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Signs of change at the end of the hippy trail

Once a land of unbeatable exotic allure and the ultimate destination on the Hippie Trail, Nepal, and especially Kathmandu, has grown to accommodate a far wider variety of travellers than the average backpacker or trekker.

Part of its appeal decades ago was the difficulty in reaching it, and in suffering its third world conditions on arrival. Overland trips from Europe – in public transport quite different from anything experienced back home – were common among young backpackers in search of their identities and Eastern wisdom. Accommodation was basic and creature comforts rare, but in some way the hardship, coupled with the awesome natural beauty of the landscape and abundance of legal drugs, only increased its appeal.

Little Tibet

With the influx of hippies and trekkers came change: residents of Kathmandu began to catch on to what sold well, and exploit it. With the explosion of the airline industry came thousands more tourists, and for them Thamel, Nepal’s very own mini version of the west. It’s here you stay if you’re travelling cheaply – and it’s here you meet with other likeminded souls at restaurants offering Nepalese-influenced international cuisine. Myriad shops sell everything you could need, things you don’t need at all, and things you never realised you needed: fake designer sunglasses, pashminas, trekking gear, pipes, hash, Himalayan singing bowls – enough junk to satisfy every whim. It is also the place to arrange any number of tours  – motorcycle trips, treks to Anna Purna, white water rafting, jungle excursions, and flights over the Himalayas. There is little money can’t buy.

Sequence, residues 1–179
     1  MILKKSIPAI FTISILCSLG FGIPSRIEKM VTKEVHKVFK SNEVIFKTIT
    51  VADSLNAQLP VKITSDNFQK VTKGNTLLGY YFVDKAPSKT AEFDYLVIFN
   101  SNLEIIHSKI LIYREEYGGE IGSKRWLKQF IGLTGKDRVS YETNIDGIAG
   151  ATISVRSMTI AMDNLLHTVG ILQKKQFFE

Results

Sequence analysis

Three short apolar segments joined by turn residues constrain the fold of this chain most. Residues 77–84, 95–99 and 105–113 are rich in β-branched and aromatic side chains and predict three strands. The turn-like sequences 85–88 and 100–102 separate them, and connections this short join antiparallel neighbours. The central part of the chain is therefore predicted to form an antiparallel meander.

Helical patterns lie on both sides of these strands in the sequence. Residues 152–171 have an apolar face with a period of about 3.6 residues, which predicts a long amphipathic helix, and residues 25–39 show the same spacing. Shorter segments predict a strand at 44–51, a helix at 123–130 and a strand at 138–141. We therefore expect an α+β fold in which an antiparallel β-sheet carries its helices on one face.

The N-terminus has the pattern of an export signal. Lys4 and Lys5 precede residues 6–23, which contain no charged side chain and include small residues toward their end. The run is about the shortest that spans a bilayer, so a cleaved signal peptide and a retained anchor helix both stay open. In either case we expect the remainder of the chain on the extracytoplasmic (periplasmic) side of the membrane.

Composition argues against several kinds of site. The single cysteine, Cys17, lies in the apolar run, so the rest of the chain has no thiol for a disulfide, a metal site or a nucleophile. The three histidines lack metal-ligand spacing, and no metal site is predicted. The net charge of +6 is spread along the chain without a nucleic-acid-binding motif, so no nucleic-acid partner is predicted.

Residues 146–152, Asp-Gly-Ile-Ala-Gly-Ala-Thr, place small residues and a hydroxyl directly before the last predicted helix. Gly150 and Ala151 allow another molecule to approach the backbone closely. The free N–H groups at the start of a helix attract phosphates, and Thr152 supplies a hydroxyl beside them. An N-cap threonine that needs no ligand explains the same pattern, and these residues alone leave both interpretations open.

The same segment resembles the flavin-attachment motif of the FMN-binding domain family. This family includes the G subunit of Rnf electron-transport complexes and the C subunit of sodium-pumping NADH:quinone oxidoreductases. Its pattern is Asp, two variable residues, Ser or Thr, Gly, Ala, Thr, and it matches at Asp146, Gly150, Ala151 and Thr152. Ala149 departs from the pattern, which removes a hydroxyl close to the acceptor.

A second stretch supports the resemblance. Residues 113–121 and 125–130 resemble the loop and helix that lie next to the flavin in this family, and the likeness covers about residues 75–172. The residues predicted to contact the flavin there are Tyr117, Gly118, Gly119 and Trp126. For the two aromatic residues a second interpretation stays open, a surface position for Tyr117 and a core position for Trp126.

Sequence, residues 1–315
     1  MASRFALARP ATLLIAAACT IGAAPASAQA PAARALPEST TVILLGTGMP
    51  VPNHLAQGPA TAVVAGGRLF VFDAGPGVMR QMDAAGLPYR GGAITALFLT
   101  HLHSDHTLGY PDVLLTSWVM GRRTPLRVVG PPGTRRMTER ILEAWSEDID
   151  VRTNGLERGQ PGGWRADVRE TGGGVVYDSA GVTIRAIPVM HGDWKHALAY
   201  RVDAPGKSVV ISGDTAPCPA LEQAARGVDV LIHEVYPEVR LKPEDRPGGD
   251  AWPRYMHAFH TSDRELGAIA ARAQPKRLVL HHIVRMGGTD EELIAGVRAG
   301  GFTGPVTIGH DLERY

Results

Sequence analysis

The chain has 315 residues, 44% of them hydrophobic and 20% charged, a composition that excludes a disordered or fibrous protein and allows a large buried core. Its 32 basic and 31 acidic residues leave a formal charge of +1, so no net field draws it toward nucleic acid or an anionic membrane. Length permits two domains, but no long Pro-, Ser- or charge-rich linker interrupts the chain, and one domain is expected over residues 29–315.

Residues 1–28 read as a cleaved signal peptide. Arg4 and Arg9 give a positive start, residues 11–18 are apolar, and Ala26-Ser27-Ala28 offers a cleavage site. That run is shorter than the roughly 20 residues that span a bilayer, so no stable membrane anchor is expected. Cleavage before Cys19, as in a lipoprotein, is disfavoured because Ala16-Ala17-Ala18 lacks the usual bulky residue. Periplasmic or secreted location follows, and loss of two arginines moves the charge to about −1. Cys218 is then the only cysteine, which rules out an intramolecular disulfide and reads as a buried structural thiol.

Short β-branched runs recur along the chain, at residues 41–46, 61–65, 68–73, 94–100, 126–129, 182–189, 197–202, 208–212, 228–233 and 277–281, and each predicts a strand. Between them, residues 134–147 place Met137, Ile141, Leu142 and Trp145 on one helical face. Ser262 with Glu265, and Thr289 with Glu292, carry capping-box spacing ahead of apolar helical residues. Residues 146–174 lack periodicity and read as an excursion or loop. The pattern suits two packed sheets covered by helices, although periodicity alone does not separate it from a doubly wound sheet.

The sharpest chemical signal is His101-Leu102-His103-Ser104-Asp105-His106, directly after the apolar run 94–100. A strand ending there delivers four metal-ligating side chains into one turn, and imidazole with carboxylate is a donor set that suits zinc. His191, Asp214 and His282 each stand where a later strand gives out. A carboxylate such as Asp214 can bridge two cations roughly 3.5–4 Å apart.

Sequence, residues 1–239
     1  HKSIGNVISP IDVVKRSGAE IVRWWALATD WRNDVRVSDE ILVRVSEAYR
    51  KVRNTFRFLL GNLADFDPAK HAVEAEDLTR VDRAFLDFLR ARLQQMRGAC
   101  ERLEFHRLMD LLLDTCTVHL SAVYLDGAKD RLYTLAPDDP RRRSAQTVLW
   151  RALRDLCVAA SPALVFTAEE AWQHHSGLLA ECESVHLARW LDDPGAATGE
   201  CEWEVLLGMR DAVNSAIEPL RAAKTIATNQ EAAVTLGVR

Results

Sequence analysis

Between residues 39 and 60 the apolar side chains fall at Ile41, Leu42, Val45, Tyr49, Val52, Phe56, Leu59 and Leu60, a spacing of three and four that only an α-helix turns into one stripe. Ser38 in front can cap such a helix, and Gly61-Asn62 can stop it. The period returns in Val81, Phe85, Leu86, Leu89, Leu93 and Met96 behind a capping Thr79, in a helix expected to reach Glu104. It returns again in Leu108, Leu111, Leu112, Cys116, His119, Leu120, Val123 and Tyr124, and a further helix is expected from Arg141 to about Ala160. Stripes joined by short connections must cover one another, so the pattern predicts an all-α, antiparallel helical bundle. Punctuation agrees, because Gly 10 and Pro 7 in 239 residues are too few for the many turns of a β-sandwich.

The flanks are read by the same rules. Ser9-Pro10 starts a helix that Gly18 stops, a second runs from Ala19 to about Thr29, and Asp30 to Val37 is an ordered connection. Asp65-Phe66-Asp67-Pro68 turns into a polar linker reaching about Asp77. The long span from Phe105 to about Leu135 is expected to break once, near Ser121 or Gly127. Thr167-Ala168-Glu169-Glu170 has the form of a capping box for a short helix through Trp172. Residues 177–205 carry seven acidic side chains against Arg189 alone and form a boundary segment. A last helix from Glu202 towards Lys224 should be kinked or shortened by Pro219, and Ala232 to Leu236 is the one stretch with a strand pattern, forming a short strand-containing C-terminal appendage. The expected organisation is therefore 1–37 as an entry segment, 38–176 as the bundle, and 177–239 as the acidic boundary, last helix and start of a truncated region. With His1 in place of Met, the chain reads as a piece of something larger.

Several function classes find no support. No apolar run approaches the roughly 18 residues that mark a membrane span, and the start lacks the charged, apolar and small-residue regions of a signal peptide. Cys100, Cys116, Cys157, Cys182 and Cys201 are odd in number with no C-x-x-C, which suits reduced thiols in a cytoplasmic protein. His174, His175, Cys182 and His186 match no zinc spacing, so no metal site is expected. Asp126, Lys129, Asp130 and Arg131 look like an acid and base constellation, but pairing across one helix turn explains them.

For some, Thamel is just another example of the destroying influence of the west on Nepal. It is true that you wouldn’t have found a place so dedicated – or useful – to tourists fifty years ago. With its multitude of shops named ‘Everest’ or ‘Yeti,’ and its strange and blatant exploitation of western advertising techniques (“Walker’s Café – You’ll love itS EXcellent food!”), it is far from what Kathmandu used to be. But it seems, rather than fake, an interpretation of the west with its own inimitable personality.